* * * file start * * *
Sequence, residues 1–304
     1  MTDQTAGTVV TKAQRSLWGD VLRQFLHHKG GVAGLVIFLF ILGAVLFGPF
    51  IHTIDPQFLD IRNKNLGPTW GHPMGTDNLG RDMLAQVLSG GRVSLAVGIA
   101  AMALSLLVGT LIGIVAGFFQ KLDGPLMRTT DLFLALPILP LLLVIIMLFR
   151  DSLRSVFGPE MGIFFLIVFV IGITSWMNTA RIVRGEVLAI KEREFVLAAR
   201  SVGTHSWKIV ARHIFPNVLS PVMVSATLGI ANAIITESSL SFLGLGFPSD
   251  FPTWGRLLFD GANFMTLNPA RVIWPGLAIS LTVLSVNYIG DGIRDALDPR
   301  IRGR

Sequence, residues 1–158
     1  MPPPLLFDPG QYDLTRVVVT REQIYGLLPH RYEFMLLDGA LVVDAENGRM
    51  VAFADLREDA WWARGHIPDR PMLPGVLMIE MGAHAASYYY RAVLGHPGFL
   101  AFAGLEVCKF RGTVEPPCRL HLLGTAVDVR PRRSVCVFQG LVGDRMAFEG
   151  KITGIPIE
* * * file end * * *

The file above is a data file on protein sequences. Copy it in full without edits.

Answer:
Sequence, residues 1–304
     1  MTDQTAGTVV TKAQRSLWGD VLRQFLHHKG GVAGLVIFLF ILGAVLFGPF
    51  IHTIDPQFLD IRNKNLGPTW GHPMGTDNLG RDMLAQVLSG GRVSLAVGIA
   101  AMALSLLVGT LIGIVAGFFQ KLDGPLMRTT DLFLALPILP LLLVIIMLFR
   151  DSLRSVFGPE MGIFFLIVFV IGITSWMNTA RIVRGEVLAI KEREFVLAAR
   201  SVGTHSWKIV ARHIFPNVLS PVMVSATLGI ANAIITESSL SFLGLGFPSD
   251  FPTWGRLLFD GANFMTLNPA RVIWPGLAIS LTVLSVNYIG DGIRDALDPR
   301  IRGR

Sequence, residues 1–158
     1  MPPPLLFDPG QYDLTRVVVT REQIYGLLPH RYEFMLLDGA LVVDAENGRM
    51  VAFADLREDA WWARGHIPDR PMLPGVLMIE MGAHAASYYY RAVLGHPGFL
   101  AFAGLEVCKF RGTVEPPCRL HLLGTAVDVR PRRSVCVFQG LVGDRMAFEG
   151  KITGIPIE